As dusk wrapped her cloak around the day's events, a mesmerizing moon magnanimously illuminated secure passage through, the sometimes, swirling swells of the South Pacific as SEAWANHAKA continued her uninterrupted journey through the dark silent night. I have found the 2000 hours watch and the following 0400 hours watch, when the sun rises, particularly enjoyable and atmospheric.
Somewhere in the middle of the deep deep blue, fellow mate, Silke, cooked up a fish feast with the remainder of the fresh local snapper from Lautoka, aptly assisted by the former Cat Stevens' 'Moonlight Shadow' soothingly serenading one and all through the schooner's speakers. What a dinner location!.
Although I was exploring the east coast of Australia, it has been well worth the interruption and is an experience not to be missed. The longer I am aboard SEAWANHAKA the more she works her magic.
October 18 - Resolution Bay, Tanna Island, Vanuatu
(Named for Captain Cook's Ship RESOLUTION)
Position at 08:16 UTC:
19 31.492 S
169 29.733 E
I am feeling less than ship shape after what has been an incredulous 36 hours. Yesterday saw perfect conditions for sailing to Vanuatu with 20 knot south easterlies and minimal swell, Captain Bill decided that is was time to teach the European contingent on how to fish and after several dress rehearsals we managed to flawlessly catch 2 healthy skipjacks which were served with some spaghetti neapolitan. The day's events culminated in a school of about 20 dolphins playing alongside Seawanhaka in the moonlight. Awesome!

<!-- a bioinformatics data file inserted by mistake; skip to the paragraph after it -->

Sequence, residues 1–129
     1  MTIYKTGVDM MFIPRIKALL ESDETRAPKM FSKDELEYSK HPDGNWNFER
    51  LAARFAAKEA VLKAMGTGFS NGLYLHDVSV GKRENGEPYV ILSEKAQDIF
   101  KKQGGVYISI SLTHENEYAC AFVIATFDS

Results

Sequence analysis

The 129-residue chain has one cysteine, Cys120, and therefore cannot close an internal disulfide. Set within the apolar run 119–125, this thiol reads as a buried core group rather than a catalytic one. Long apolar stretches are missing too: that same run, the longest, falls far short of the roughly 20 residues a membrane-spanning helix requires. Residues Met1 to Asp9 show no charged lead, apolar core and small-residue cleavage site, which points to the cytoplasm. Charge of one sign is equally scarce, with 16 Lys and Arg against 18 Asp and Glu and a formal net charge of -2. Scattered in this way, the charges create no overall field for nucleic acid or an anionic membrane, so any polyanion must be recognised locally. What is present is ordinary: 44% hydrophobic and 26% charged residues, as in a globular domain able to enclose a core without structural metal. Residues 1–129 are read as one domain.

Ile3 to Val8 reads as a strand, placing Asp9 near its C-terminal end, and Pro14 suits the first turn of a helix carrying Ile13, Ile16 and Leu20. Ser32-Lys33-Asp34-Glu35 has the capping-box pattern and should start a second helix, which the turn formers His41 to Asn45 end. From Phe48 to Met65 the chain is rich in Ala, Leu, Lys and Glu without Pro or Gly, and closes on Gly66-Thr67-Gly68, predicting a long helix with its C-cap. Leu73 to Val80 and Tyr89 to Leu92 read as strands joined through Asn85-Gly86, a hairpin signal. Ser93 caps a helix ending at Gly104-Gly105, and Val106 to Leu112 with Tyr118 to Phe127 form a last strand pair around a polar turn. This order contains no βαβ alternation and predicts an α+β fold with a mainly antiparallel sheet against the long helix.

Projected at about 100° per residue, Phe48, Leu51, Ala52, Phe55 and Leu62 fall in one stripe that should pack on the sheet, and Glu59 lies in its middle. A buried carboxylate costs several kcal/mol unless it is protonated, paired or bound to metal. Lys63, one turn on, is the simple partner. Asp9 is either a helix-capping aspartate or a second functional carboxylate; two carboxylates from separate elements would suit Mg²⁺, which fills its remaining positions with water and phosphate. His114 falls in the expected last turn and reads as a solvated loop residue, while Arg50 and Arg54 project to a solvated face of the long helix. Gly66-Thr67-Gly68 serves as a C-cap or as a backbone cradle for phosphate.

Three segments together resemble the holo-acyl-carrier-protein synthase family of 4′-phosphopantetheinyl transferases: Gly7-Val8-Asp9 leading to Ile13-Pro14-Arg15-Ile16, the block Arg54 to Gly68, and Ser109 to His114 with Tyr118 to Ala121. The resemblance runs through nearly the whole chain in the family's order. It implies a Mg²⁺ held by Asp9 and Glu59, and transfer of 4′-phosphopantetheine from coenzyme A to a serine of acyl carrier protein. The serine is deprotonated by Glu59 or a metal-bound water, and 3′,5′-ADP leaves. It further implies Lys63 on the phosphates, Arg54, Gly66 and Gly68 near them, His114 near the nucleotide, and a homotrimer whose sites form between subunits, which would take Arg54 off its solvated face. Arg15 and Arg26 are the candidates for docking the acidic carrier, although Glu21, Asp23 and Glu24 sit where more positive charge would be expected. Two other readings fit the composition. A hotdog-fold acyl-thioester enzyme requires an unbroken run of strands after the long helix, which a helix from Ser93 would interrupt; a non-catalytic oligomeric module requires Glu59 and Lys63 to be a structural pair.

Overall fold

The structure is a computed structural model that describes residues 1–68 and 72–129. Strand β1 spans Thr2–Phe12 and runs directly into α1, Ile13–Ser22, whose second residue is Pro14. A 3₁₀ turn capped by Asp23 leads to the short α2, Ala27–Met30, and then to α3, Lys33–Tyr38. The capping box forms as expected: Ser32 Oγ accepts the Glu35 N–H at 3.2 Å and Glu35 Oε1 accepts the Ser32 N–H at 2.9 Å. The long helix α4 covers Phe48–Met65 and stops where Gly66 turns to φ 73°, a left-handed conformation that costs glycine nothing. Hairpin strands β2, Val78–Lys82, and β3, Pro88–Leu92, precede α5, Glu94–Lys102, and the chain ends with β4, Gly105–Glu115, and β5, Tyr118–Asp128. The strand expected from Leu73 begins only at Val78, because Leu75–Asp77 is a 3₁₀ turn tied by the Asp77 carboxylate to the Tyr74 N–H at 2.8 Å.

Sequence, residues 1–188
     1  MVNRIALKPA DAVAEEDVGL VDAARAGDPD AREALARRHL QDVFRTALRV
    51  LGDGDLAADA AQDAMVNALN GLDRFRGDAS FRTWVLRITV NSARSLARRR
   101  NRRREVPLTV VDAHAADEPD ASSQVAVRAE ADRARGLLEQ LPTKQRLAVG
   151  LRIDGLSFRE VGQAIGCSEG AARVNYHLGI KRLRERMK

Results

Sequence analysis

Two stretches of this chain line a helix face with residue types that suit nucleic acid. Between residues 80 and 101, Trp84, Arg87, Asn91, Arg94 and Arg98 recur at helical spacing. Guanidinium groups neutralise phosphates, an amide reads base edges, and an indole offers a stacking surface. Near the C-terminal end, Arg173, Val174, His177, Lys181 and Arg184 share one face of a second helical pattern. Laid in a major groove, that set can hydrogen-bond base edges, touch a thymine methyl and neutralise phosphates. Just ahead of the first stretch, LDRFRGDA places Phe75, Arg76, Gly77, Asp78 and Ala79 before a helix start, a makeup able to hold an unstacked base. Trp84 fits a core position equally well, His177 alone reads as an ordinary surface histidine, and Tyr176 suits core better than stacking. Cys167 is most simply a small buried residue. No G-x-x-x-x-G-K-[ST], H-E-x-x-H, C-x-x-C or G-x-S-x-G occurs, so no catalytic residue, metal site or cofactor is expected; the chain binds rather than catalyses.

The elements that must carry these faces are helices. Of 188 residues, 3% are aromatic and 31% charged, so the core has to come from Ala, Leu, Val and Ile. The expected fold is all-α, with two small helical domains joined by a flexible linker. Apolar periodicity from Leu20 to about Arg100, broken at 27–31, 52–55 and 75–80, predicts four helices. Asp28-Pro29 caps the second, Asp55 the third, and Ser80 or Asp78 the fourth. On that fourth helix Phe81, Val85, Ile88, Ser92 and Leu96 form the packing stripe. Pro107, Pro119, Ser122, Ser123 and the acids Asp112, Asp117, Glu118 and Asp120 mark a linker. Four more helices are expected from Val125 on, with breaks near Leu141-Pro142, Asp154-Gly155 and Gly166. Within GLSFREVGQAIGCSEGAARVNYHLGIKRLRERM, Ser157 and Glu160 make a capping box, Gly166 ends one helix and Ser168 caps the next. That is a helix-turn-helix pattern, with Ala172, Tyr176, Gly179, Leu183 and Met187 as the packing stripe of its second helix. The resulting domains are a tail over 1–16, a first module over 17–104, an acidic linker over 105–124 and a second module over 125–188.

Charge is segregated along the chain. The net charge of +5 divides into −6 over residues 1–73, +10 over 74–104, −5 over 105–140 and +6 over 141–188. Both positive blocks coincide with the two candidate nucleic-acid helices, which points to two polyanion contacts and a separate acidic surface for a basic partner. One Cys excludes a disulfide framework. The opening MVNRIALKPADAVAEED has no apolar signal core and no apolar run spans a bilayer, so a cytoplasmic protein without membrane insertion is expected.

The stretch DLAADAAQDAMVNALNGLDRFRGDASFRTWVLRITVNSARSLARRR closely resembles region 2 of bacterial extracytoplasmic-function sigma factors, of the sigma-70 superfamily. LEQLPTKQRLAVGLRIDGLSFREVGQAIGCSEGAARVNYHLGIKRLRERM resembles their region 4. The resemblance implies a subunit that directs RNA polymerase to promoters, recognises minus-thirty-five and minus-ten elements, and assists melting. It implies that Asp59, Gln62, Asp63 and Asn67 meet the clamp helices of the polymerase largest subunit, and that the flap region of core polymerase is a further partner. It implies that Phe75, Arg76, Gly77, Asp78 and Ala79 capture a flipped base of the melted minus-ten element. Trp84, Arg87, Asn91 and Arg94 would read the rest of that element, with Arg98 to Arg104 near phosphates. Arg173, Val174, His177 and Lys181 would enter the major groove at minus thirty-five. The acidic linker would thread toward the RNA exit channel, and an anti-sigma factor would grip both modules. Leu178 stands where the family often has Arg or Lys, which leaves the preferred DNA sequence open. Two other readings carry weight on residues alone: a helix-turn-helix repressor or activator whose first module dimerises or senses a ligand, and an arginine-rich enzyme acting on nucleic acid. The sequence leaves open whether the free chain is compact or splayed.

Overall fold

Daybreak began in contrast to yesterday with minimal wind but at least early bird Sharon cried "Land ahoy!" before she temporarily lost her sea legs and joined the ranks of the seasick crew.
So here we are anchored in Resolution Bay and are looking forward to a few days break from watch duty and getting acquainted with the locals.
October 19 - Port Resolution, Tanna Island, Vanuatu
SEAWANHAKA is anchored in a beautiful bay at Port Resolution on Tanna Island. The harbor is named after Captain Cook's ship on his second voyage. He stopped in here to take astronomical sightings to fix the position of the island. Legend has it that as he trekked the island he met a local woman working the garden, picked up a handful of soil, and made gestures to ask her what it was called in her language, she replied "tanna", and he named the island.
We had a very fast, smooth, 3-day sail from Fiji, highlighted by wonderful moonlit nights for the passage. The last afternoon we had quite a fishing event. We had a brisk 18 knot trade wind, doing 7-8 knots, good trolling speed. Within a matter of 2 hours we hooked 7 fish. Landed 2, released 1 small one, but unfortunately saw 3 really nice mahi-mahi break away to swim again. All in all a fun afternoon, particularly that none of the 3 crew had ever held a fishing pole before.
Just before sunset the island of Futuna rose on the horizon. We sailed past it in the moonlight, and at dawn had 4 more of the Vanuatu islands on the horizon, with our destination of Tanna directly off the bows. We were able to see smoke rising from Mt. Yasur, and even 15 miles at sea a very distinct rumbling from its tremors, which reportedly occur every 12 minutes! It was pretty easy to navigate in to Port Resolution, as the entrance to the harbor is directly below the volcano.